Challenging times call for innovative ID solutions
In these unprecedented times of worldwide Coronavirus lockdowns, the legitimate restriction and monitoring of citizens’ movement is more topical than ever. Businesses, cities and entire countries are enduring near total closure. More and more, it appears that technology may well hold the key to how we return to some kind of ‘normality’.
So, what is the ‘exit strategy’?
Today, freedom of movement is largely limited to specific purposes and groups of people, with the sole objective of preventing spread of the virus.
The current situation can’t last forever, of course. As governments begin to plan or implement their ‘exit strategies’ for emerging from lockdown, the World Health Organisation has issued guidance on the factors that must be considered before restrictions are eased. These include the ability to ‘manage virus importation risks’, ‘trace every contact’ and ‘minimise outbreak risks in special settings like health facilities and nursing homes’. In order to manage the ongoing risks as we return to normality, it is clear that authorities will need systems in place for identifying and monitoring selected individuals.
From paper forms to police patrols
Already we have witnessed a huge variety of methods to keep track of citizens and visitors, especially if they have been identified as a risk. The need to act quickly has resulted in some low-tech solutions. In France, members of the public who needed to leave their homes were required to carry a paper permission form with them, which had to be printed out or written by hand. Police patrols and checkpoints in numerous other countries have been used to confirm whether people have a legitimate reason to be out and about.
Elsewhere technology has been rolled out to keep tabs on the population. Electronic tags to monitor people under home quarantine have been reported in Hong Kong, Bahrain and the US state of Kentucky. Drones, number plate recognition technology and electronic thermometers have all seen widespread use around the globe. But these solutions are heavily reliant on hardware and therefore expensive to roll out on a mass scale.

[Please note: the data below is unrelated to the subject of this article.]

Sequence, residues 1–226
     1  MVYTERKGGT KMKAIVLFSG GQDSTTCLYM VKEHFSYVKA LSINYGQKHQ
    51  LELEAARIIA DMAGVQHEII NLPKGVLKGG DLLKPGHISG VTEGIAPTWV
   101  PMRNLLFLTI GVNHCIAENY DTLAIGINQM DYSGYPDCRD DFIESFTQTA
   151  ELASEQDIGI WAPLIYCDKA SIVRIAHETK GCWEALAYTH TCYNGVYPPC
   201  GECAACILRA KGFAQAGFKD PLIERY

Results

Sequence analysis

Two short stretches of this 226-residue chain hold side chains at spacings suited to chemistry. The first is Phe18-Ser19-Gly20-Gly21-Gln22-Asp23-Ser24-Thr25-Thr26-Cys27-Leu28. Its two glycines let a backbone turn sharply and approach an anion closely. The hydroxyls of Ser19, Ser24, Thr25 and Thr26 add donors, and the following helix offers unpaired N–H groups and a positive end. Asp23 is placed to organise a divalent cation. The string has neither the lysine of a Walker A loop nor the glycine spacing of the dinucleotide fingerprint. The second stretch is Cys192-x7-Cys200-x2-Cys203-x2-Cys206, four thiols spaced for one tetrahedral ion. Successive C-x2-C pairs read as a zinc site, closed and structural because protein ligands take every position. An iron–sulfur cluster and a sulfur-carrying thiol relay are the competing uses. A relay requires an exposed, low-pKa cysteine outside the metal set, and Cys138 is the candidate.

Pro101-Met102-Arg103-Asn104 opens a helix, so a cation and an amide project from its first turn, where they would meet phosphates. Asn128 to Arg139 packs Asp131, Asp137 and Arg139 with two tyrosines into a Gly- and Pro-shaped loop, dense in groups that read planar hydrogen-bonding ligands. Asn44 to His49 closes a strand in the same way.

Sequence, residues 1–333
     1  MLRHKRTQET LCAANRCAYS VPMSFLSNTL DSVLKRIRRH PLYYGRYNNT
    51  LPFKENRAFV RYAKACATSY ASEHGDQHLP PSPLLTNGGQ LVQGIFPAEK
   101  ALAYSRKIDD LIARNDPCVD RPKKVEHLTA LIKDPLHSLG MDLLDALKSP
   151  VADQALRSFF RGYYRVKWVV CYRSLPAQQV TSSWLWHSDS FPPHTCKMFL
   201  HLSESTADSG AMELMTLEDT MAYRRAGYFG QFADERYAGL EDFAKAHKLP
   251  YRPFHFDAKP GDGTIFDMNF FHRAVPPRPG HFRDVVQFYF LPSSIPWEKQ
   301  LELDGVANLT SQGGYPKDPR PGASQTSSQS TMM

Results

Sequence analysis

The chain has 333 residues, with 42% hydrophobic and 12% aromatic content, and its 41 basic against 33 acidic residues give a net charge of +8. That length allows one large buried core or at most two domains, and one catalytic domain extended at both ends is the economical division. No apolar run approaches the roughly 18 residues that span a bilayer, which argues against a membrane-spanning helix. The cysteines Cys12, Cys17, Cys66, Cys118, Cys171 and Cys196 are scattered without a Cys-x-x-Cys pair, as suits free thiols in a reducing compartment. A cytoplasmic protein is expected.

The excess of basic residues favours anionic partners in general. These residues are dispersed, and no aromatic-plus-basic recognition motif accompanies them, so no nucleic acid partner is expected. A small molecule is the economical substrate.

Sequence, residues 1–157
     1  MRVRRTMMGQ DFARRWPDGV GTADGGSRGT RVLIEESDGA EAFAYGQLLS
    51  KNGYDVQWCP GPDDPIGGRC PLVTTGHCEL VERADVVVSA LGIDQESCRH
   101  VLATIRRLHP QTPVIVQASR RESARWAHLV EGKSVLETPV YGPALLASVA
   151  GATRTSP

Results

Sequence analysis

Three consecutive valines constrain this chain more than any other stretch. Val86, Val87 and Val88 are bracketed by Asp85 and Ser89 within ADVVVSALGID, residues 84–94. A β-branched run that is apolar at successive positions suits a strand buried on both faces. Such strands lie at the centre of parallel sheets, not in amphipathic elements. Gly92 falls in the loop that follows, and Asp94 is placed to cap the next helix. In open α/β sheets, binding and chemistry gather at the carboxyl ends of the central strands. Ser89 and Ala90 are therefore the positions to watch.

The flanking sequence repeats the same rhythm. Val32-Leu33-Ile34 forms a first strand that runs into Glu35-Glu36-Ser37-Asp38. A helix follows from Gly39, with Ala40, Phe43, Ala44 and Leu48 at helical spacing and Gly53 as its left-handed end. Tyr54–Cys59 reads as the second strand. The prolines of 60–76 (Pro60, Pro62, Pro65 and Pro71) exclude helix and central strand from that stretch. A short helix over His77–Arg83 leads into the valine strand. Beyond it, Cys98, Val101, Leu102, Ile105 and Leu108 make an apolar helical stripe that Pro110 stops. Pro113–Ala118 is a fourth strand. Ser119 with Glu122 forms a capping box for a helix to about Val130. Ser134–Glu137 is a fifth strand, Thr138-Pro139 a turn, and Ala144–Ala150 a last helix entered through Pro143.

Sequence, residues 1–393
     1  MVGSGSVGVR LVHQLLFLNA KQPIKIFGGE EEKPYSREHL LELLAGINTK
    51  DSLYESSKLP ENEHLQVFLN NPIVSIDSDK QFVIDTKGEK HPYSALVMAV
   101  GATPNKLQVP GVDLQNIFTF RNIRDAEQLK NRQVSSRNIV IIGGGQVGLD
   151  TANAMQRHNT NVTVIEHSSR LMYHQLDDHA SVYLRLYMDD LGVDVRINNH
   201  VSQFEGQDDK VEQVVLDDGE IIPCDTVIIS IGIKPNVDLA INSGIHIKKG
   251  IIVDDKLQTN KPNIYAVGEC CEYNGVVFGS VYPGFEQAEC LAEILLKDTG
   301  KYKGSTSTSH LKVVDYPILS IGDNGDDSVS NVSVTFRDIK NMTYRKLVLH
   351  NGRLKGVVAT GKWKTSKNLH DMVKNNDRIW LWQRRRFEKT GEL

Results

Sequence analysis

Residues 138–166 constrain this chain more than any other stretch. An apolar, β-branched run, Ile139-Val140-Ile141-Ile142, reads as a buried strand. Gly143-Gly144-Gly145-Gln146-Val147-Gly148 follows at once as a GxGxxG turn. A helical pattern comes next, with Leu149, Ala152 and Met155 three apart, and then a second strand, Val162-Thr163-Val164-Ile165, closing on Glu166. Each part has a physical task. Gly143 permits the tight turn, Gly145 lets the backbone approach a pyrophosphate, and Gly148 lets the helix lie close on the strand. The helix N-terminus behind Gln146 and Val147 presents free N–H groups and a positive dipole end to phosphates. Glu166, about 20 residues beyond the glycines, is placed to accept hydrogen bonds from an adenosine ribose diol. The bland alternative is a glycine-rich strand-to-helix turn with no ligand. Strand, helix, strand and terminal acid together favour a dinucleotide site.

Are low-cost non-hardware solutions the key?
Naturally attention is turning to lower cost, non-hardware solutions. The French paper-based system was quickly replaced by a smartphone version, while in the UK Health Secretary Matt Hancock has revealed plans for an app that will send alerts to users who have been in contact with someone displaying Covid-19 symptoms. Meanwhile, in China, citizens’ movement is being controlled by means of a colour-coded app which dictates where they are allowed to go, in line with their current state of heath – anyone with a green code is fee to travel.
Veridium’s 4 Fingers TouchlessID
Contactless, or touchless technology is especially relevant for hygiene reasons at the moment. Similarly, the capacity of solutions to tie in with databases is crucial, whether on a company or national level. One such authentication solution is Veridium’s 4F TouchlessID, which is an innovative approach for touchless capture and export of fingerprints from nearly any smartphone. This makes it ideal for enterprises seeking to improve employee and customer security, as well as government and law enforcement agencies needing to capture fingerprints and then export them for matching against legacy databases. To find out more about how Veridium ID can support you with passwordless technology and secure your business for the future, please contact us at [email protected].